|Scientific Name:||Suncus etruscus|
|Species Authority:||(Savi, 1822)|
|Red List Category & Criteria:||Least Concern ver 3.1|
|Assessor/s:||Aulagnier, S., Hutterer, R., Jenkins, P., Bukhnikashvili, A., Kryštufek, B. & Kock, D.|
|Reviewer/s:||Amori, G. (Small Nonvolant Mammal Red List Authority) & Cox, N. (Global Mammal Assessment Team)|
Listed as Least Concern in view of its wide distribution, presumed large population, it occurs in a number of protected areas, has a tolerance of a degree of habitat modification, and because it is unlikely to be declining fast enough to qualify for listing in a more threatened category.
|Range Description:||This species is widespread from Southern Europe and North Africa, through parts of the Near East and Arabian Peninsula, Central Asia, South Asia and mainland Southeast Asia, to the island of Borneo in the east. In Europe, it is confined to the Mediterranean climate zone, occurring on the Iberian, Italian, and Balkan peninsulas as well as on a number of Mediterranean islands. There is an established introduced population in the Canary Islands (Tenerife). In North Africa it is present in Morocco, Algeria, Tunisia, Libya and Egypt. In the eastern Mediterranean it is present on the island of Cyprus, and is distributed in parts of Turkey, Syria, Lebanon, Israel and Jordan. In the Caucasus it is found in Azerbaijan, Georgia and possibly Armenia. The species has been recorded from Yemen, Oman, Iraq and possibly Iran. In Central Asia, it is present in Turkmenistan, Tajikistan and possibly Uzbekistan. In South Asia, the species is known from much of Afghanistan and Pakistan, India and Sri Lanka, Nepal and Bhutan. In China it has only been recorded from Gengma County in southwestern Yunnan. In Southeast Asia, the species has been recorded from Myanmar, Thailand, Lao PDR, Viet Nam and Peninsular Malaysia, with some populations present on the island of Borneo (Sabah and Sarawak only). West and East African records (Guinea [not mapped here], Nigeria and Ethiopia [not mapped here]) are doubtful and need confirmation (Hutterer 2005). It occurs from sea level to altitudes of 3,000 m asl.|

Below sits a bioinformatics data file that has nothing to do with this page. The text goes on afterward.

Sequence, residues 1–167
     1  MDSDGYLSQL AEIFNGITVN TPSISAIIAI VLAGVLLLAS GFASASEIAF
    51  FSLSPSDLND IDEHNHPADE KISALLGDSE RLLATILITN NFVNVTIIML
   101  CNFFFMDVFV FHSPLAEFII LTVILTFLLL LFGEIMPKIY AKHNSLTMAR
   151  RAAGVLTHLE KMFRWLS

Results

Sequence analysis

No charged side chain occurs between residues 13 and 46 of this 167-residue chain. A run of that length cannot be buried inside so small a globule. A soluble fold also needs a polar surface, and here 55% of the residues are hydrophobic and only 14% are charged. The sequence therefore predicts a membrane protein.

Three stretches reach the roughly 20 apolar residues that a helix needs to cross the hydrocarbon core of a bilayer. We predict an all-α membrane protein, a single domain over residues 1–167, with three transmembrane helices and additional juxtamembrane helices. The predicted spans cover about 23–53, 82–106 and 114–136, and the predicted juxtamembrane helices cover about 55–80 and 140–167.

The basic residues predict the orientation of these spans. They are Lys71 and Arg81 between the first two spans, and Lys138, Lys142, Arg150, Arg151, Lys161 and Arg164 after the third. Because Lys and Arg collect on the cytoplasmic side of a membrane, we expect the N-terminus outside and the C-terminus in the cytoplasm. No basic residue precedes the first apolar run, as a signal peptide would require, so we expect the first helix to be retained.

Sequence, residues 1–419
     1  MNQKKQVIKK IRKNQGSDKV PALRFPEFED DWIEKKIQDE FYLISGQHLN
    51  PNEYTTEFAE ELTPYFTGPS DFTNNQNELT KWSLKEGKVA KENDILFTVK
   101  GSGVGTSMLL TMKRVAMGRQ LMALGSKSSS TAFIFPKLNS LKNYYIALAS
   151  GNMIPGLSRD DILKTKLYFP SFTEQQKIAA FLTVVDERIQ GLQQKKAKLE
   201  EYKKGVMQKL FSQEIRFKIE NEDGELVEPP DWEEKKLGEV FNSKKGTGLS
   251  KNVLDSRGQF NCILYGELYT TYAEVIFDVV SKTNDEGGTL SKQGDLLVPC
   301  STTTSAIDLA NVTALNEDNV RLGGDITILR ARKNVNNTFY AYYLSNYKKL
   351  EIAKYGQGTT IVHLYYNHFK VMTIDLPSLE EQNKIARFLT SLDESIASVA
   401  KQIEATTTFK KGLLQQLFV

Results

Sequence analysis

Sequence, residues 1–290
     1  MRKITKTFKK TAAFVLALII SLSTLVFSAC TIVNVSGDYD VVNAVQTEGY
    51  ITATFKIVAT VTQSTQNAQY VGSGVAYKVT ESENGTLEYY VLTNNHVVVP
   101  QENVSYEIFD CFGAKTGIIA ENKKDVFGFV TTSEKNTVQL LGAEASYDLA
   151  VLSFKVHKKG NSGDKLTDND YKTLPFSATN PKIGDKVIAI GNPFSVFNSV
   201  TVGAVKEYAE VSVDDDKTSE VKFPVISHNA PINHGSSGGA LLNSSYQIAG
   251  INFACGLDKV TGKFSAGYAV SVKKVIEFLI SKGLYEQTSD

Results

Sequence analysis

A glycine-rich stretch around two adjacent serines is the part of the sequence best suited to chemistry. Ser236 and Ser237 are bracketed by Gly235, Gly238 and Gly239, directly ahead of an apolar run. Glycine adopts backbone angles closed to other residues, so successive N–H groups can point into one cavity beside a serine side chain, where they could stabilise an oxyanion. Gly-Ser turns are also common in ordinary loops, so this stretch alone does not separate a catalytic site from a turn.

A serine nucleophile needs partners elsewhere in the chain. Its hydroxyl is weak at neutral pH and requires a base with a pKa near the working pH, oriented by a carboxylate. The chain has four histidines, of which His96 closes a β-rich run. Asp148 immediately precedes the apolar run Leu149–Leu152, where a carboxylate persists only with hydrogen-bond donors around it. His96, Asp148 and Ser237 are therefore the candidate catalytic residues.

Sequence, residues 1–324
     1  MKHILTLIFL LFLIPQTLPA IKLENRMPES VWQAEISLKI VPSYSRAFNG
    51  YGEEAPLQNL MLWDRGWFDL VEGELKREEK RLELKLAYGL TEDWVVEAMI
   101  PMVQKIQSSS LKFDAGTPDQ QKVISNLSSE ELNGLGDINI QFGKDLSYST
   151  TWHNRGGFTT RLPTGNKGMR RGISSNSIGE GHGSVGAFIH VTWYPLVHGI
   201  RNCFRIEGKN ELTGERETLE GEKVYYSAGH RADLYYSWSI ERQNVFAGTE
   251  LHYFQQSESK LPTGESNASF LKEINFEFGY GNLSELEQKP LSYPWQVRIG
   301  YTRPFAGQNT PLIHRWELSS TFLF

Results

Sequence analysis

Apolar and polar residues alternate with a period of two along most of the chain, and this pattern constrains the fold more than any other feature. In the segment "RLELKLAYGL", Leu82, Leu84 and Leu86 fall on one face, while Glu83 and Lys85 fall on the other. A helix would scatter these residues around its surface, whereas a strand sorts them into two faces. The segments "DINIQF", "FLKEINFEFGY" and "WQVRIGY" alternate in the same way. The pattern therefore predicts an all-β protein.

Native:Afghanistan; Albania; Algeria; Azerbaijan; Bahrain; Bhutan; Bosnia and Herzegovina; Bulgaria; China; Croatia; Cyprus; Egypt; Ethiopia; France; Georgia; Greece; Guinea; India; Iran, Islamic Republic of; Iraq; Israel; Italy; Jordan; Lao People's Democratic Republic; Lebanon; Libya; Macedonia, the former Yugoslav Republic of; Malaysia; Malta; Montenegro; Morocco; Myanmar; Nepal; Nigeria; Oman; Pakistan; Portugal; Slovenia; Spain (Canary Is. - Introduced); Sri Lanka; Syrian Arab Republic; Tajikistan; Thailand; Tunisia; Turkey; Turkmenistan; Viet Nam; Yemen
|Range Map:||Click here to open the map viewer and explore range.|
|Population:||In Europe it tends to be less common than other shrews living in same area, as indicated by both trapping experiments and analyses of owl pellets (Libois and Fons 1999). Trapping is not so effective for catching this species because the shrew is too small (less than two grams); it is often more commonly seen in owl pellets (V. Vohralík pers. comm. 2006). The species is considered to be rare in Jordan. In Azerbaijan, the species is considered rare in semi-deserts and foothill and mountain steppes. It is included in the Red Data Book of Georgia (1982) as a rare or endangered species. In a preliminary status of the terrestrial mammals of Oman, the species was Data Deficient. In Southeast Asia it is never abundant in any given locality at any time.|